By Carol Duncan Clayton, Ph.D., Senior Associate, OPEN MINDS
As management guru Peter Drucker said, “What gets measures is what gets done.” The surest way to ensure implementation of the strategic plan is to translate the plan objectives into quantifiable metrics and to hold executive team members and managers and staff at all levels accountable to achieving those metrics. The question our team at OPEN MINDS often gets is “But what metrics should we set for the strategic plan?” While there is no formula or template, following a defined process will result in establishing meaningful measures of success. We’ve defined the 12-step process to becoming a data-driven organization (see 12 Steps To Creating Your Data-Driven Organization). And here, we narrow down the steps pertinent to setting strategic plan metrics.
Once the strategic plan is finalized and approved, with clear overarching objectives and strategic initiatives, executive teams should follow a five-step process to establish metrics—break down objectives into key performance indicators (KPIs) for each business unit or domain, work with business unit leaders to establish KPIs, determine how data will be measured and shared, cascade the metrics down to the individual level, and establish a review and action framework for when targets are not being achieved.
Translate Strategic Objectives Into Key Performance Indicators
Ideally, your strategic plan should have no more than three to five overarching objectives for the organization as a whole. And a well-constructed strategic plan should identify a handful of key strategic initiatives designed to achieve those objectives. Strategies are the plan for “how” your organization is going to accomplish the objectives—not the action items. Strategic initiatives can include developing new services lines, expanding into new markets, pursuing acquisitions, improving margins on selected services, changing business development strategies, etc.—all dependent on the specific organization and its specific objectives.
The overarching objectives should be broken down into key performance indicators for each business unit or domain for every one of the strategic initiatives. A key performance indicator (KPI) is a metric used to measure and track progress toward achieving a specific objective. KPIs are quantifiable, measurable, and intended to indicate if an organization is hitting its targets. Ideally, KPIs should specify a frame of comparison—the current level of something and what it will increase or decrease to and by when.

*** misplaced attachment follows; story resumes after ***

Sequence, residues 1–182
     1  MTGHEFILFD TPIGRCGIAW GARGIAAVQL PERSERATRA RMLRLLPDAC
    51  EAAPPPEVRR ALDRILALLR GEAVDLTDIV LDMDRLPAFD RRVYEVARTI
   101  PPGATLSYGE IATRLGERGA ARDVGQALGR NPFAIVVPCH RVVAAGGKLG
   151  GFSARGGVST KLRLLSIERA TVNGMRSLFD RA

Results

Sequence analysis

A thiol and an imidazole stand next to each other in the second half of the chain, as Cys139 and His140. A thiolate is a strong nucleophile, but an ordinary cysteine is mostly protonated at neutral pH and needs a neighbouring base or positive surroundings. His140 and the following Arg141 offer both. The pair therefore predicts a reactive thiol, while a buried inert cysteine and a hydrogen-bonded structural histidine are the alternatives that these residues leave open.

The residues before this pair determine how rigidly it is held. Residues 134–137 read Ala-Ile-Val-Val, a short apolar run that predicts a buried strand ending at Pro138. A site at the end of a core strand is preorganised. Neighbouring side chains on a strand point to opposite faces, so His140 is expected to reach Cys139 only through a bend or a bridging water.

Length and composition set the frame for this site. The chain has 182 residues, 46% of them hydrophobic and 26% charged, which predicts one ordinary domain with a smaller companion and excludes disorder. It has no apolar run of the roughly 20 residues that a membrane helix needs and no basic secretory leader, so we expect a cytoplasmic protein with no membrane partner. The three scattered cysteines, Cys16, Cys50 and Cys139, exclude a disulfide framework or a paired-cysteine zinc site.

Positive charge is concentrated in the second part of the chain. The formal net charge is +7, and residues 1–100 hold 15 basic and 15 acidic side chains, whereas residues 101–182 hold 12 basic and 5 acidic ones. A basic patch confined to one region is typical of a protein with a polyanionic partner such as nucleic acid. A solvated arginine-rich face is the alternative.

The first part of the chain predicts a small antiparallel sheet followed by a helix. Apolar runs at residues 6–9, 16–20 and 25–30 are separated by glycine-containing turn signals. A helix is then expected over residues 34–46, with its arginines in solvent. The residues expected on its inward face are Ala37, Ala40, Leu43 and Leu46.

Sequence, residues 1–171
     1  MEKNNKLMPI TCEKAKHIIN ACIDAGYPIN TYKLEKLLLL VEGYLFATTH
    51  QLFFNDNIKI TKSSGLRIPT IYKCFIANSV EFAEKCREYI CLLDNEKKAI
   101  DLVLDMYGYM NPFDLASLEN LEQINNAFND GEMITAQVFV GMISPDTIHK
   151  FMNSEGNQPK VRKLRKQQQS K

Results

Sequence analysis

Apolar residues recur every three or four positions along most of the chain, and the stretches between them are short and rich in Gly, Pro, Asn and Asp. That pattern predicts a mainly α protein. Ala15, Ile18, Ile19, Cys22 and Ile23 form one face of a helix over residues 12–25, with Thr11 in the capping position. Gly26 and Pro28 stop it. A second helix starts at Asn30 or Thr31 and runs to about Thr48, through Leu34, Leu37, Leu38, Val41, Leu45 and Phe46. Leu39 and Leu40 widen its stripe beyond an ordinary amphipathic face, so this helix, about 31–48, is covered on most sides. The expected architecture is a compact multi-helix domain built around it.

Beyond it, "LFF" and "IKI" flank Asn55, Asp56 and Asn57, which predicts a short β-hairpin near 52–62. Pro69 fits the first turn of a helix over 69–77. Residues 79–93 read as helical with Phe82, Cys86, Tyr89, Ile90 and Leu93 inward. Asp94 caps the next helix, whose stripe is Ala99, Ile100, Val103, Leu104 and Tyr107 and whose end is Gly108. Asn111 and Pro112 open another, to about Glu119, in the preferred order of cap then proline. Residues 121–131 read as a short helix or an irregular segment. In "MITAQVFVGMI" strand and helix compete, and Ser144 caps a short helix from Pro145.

For example, a strategic objective to “Become the market leader in providing xx type of services in xx region” could break down to outcome measures for the clinical, marketing, and customer service units. For the clinical unit, KPIs could be “Reduce hospital readmissions by xx% from current levels” or “Proactive outreach to xx consumers with PHQ-9 scores above xx” or “Establish workflows and protocols to adopt xx new evidence-based practices” For the marketing unit, KPIs might look like “xxx website visitors in 2021, resulting in xx inquiries about services.” A business development unit’s performance may be measured in terms of new payer contracts procured, rate increases negotiated, or number of visits resulting from community partner referrals. For customer service, the KPIs may relate to how quickly calls are answered, reduced wait times for appointments, a certain number of positive online review by consumers, or improvement in net promoter score. For the technology department, the objective might translate to a performance metric such as “Set up online appointment scheduling capability and train xx staff.” For the finance department, the KPI may be to “Reduce the billing cycle by xx days.”